When Newport Beach police and the U.S. Marshals Service offered a $100,000 reward last fall for the capture of multimillionaire fugitive Peter Chadwick, accompanied by a podcast about the alleged wife killer who vanished in January 2015, they received thousands of tips.

“We had leads that looked promising. However, there was only one that panned out,” Newport Beach Police Department Chief Jon Lewis said at a news conference Tuesday to discuss Chadwick’s apprehension Sunday night after four years on the lam, ending a search that took investigators across the United States, Canada and, finally, Mexico.

Chadwick was found in a residential duplex in a community of American expatriates near Pueblo, Mexico, after the tip was shared with local police, said David Singer, the U.S. marshal for the Central District of California. He had “numerous” fake IDs on him when he was arrested, according to Singer.

Authorities said they could not reveal the tipster’s identity at this time.

The reward announcement and a podcast series released in September generated tips as intended while putting “more pressure” on Chadwick, who had left a trail of breadcrumbs indicating he fled to Canada to throw investigators off course, Singer said.

“They have to keep moving,” he said of fugitives who feel the heat. “You’re always looking over your shoulder and have to outdo who you think is following you and that’s when you make mistakes.”

Chadwick, 55, initially used a vast sum of money he took with him in his flight to stay at “high-end” resorts and hotels, according to Lewis.

However, when hotel clerks began asking for passports and other identification, he had to adjust his living standards to more “modest” hostels and other inns, the chief said, adding that Chadwick used such aliases as Paul Cook, Paul Craig and John Franklin.

“We believe he never intended to return from Mexico,” Lewis said, “or intended to return to raise his three boys.”

Singer alleged that Chadwick received “assistance” from family members, and Orange County District Attorney Todd Spitzer said the case was being reviewed to consider whether further charges are warranted or anyone could be charged with aiding and abetting the accused killer, who was placed on the U.S. Marshals Service’s 15 Most Wanted fugitive list in September 2018.

“Today is sweet. We apprehended a fugitive on America’s Most Wanted List,” Spitzer said. But “let’s not forget … there’s a victim, a loving wife of 21 years, a mother of three kids.”

Chadwick, who faces a maximum sentence of 25 years to life in state prison if convicted of murder, is scheduled to be in a Santa Ana courtroom Wednesday morning for a pretrial hearing. Prosecutors said they plan to ask a judge to deny him bail.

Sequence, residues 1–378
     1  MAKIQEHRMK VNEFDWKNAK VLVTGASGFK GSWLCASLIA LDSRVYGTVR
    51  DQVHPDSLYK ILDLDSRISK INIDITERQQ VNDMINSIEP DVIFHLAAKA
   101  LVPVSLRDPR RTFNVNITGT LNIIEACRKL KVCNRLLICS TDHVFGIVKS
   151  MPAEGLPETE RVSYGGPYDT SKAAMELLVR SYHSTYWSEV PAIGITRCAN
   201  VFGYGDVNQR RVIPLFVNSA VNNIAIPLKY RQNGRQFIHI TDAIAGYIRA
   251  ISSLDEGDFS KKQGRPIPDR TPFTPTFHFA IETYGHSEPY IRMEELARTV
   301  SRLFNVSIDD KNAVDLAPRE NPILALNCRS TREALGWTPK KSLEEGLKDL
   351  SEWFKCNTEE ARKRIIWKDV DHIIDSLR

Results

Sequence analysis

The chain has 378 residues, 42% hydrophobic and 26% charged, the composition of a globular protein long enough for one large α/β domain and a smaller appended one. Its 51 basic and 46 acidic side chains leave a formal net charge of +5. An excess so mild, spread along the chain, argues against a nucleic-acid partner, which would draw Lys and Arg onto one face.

He is accused of killing his 46-year-old wife, Quee Choo Lim Chadwick, who was known as Q.C., on the morning of Oct. 10, 2012, in their Newport Beach home over a dispute regarding a possible divorce and related financial issues.

Neither Chadwick nor his wife arrived to pick up their sons, then 8, 10 and 14 years old, from school that afternoon. Another parent drove the children home and then requested that Newport Beach police conduct a welfare check when the Chadwicks could not be found. A subsequent search of the home revealed blood and signs of a struggle inside, according to police.

Sometime between the morning of the murder and the following morning, Chadwick drove to San Diego and called police, telling them that a handyman killed his wife and then kidnapped him and forced him to drive to Mexico to dump her body, according to authorities.

San Diego police, who arrested Chadwick four miles north of the Mexico border that day, noticed he had scratches on his neck and dried blood on his hands, according to the Marshals Service.

Chadwick allegedly admitted to investigators that he made up the story about the handyman being the culprit. After questioning him, detectives found the victim’s body in a gas station trash bin in San Diego County.

When he was released on Dec. 21, 2012, after posting $1 million bail, he surrendered his British and American passports and agreed to live with his father in Santa Barbara, according to a federal arrest warrant.

When Chadwick skipped a January 2015 court date, Newport Beach detectives went to his father’s home and were told the defendant was not living there and no one knew where he was, according to the Marshals Service.

Chadwick’s family later told investigators that Chadwick told them he was going to Seattle and left in a taxi. Authorities said Chadwick called a cab at 11 a.m. on Jan. 9, 2015, and was taken to the Santa Barbara airport, where video footage showed him leaving the airport in a different cab six hours later wearing different clothing, according to the Marshals Service. His cellphone was turned off the same day and was later found in a trash dump.

Bank records showed he withdrew $600,000 from an account in mid-January 2015, according to the Marshals Service.

One of his three sons told investigators in February 2015 that Chadwick had been planning his flight since Nov. 28, 2014, and had a “large sum of money at his disposal and would establish himself in a foreign country by obtaining a place to live and getting a menial job,” according to the federal arrest warrant affidavit.

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